As it states in the film, Kazakhstan is a backward land where the national drink is fermented horse urine, prostitutes are nationally ranked, horses have the vote but women don't, the premier's wife's duties include sleeping with foreign dignitaries, and villages across the country celebrate the traditional "running of the Jew".
From this rather mixed up land comes the innocent and curious journalist Borat (Sacha Baron Cohen) who is sent to America to film a documentary about the "greatest country in the world". Borat is determined to make it the best film his country has ever seen and his mission seems sound until he witnesses the "perfect angel" that is Pamela Anderson. Obsessed with the Baywatch beauty, Borat gets his documentary crew to make a detour to California so Borat can make Pamela his wife.
For you to understand what Borat is, you have to understand the man behind the outrageous character. Sacha Baron Cohen is what you would call a shock comedian. On his wildly popular TV show Tha Ali G Show, Cohen tries to get people out of their element so that he can poke fun at how absurd some things are in our culture. The whole formation of who Borat is can be offensive to some, but really, all Cohen is doing is showing us just how stupid stereotypes and misconceived assumptions really are.
The film is brilliant in that it shocks viewers into challenging cultural stereotypes by being so over the top. The perfect scene to showcase this is when bumbling Borat decides to interview a group of "feminists". The conversation remains focused on the ladies and their goals to bringing feminism to the forefront. A very confused and naïve Borat asks, "How can this be when the woman's brain is so much smaller than a man's?". That's it – one of women stands up and walks out. But if you understand where this man is supposed to be from and his ideas of culture, then it would be a poignant question. It also showcases just how not every culture in the world sees things the way these ladies do and how much work they really still have in front of them.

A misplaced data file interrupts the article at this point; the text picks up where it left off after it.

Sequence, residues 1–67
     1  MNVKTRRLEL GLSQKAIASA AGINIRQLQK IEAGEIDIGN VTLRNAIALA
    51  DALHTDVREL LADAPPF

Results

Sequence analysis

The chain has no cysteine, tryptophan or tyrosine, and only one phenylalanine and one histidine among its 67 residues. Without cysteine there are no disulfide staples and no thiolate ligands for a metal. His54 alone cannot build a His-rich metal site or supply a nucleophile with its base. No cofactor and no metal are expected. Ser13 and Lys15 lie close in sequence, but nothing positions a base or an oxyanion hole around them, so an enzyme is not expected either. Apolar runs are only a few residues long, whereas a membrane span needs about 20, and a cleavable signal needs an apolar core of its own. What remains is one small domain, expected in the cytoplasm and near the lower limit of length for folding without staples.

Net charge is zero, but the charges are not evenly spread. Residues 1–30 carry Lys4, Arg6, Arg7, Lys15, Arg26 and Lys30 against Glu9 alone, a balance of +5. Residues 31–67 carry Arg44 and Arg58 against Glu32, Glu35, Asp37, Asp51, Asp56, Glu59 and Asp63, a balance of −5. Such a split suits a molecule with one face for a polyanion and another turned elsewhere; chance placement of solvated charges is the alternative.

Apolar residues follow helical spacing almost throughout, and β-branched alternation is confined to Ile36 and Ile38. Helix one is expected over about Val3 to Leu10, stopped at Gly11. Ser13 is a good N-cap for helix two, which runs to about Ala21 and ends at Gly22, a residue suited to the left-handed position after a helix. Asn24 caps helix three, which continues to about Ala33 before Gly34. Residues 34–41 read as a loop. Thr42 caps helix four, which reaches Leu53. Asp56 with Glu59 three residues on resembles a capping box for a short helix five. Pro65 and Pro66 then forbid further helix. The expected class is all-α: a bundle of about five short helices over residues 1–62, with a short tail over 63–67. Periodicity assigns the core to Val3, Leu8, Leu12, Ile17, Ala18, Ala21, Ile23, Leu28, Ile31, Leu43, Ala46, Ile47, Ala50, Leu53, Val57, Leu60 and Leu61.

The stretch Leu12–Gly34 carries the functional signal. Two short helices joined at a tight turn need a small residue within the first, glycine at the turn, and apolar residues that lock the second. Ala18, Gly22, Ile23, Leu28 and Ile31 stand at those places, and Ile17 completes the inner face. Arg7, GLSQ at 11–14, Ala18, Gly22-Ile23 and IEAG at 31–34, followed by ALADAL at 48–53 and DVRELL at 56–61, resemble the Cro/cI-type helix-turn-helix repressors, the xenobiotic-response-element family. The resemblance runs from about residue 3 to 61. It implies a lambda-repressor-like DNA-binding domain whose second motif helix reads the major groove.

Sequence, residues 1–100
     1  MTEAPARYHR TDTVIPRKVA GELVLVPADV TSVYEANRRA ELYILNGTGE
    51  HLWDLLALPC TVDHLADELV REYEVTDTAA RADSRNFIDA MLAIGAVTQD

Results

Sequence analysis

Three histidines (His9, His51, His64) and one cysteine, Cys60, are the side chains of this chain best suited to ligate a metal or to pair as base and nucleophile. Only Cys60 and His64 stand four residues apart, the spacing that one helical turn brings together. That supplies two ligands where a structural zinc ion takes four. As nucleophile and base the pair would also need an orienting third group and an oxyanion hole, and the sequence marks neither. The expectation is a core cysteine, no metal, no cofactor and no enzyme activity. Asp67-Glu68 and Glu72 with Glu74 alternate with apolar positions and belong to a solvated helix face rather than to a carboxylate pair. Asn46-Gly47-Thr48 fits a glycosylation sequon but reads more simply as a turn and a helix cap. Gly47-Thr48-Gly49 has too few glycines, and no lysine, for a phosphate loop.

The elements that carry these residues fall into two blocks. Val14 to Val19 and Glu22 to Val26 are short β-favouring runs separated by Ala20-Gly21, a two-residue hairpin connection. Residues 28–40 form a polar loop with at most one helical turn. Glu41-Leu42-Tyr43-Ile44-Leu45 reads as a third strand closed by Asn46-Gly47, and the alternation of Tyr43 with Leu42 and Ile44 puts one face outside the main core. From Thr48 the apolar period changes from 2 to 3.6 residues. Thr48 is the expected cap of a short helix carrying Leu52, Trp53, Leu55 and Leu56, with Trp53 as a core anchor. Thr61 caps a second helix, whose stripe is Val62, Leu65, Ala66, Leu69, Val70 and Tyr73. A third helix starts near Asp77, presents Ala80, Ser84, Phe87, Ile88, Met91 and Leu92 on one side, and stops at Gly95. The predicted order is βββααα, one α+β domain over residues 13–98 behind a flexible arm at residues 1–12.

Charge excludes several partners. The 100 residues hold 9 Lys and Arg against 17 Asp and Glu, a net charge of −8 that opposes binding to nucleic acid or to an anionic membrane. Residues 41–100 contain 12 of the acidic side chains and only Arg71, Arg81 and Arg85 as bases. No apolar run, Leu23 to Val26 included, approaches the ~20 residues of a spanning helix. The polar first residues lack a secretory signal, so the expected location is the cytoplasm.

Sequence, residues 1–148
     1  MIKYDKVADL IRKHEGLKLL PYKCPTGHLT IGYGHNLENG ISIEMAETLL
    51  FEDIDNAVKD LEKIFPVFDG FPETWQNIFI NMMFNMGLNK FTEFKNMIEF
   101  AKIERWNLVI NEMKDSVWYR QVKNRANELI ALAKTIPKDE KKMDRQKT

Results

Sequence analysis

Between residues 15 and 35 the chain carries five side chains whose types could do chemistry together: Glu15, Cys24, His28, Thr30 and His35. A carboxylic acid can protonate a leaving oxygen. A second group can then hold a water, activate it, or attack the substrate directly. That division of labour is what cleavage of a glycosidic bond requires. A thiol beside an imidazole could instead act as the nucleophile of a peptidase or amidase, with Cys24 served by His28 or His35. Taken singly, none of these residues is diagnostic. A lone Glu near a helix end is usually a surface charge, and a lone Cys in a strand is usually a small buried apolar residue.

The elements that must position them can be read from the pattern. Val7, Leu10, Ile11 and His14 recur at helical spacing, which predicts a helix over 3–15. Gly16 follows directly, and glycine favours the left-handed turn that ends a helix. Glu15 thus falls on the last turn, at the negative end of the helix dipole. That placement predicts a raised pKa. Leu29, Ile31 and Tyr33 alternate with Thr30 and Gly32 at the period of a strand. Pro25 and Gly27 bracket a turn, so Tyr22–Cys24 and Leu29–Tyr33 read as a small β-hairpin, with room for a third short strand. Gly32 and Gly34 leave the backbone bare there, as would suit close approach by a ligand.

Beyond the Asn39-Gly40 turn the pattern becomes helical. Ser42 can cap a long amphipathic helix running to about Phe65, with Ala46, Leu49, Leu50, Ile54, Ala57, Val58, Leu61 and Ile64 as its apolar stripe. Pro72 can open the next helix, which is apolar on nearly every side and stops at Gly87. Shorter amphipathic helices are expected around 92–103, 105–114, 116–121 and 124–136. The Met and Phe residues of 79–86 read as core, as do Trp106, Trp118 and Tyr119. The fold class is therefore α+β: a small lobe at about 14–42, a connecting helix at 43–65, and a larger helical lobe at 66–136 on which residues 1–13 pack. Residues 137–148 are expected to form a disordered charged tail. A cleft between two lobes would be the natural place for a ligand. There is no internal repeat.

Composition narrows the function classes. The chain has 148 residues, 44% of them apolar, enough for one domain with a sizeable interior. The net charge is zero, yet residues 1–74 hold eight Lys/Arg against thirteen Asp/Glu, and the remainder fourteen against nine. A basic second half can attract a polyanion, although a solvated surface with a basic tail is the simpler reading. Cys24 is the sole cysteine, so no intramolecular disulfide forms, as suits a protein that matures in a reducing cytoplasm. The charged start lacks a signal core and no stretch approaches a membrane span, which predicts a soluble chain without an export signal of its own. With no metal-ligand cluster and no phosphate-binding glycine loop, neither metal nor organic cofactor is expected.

Anthropologists would have a field day with this film because it's about the clashing of cultures and challenging of social norms, and makes people look at themselves through outrageous humor.
I could go on for another four or five paragraphs about every little in joke and event in the film, but that would spoil its impact. Comedy has never been this fresh and it has been a while since we have seen this kind of social commentary interlaced with shocking jokes. Think of this film as a gross-out/road comedy mixed with the intelligence of The Daily Show and Archie Bunker and you might come close to what Borat is all about.
I don't know how much of this film is staged and how much Cohen is able to get the people in it to do what they do, but none of it feels fake. I also liked that the film felt like it was shot on late 70s videotape. It brings more raw energy to the story of Borat.
It will be interesting to see more characters from Sacha Baron Cohen. But the question is: what is the man going to do when he runs out characters and social stigmas to make fun of? (4 out of 5) So Says the Soothsayer.